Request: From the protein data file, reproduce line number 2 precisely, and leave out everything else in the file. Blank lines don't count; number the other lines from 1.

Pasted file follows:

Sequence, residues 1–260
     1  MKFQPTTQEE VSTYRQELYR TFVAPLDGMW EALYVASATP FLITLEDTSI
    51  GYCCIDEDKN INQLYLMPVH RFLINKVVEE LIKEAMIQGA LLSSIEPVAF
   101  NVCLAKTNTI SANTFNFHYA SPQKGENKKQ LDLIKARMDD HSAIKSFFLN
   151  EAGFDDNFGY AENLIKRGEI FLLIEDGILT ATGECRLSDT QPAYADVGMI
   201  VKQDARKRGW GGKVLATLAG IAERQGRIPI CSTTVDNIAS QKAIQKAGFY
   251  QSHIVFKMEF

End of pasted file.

     1  MKFQPTTQEE VSTYRQELYR TFVAPLDGMW EALYVASATP FLITLEDTSI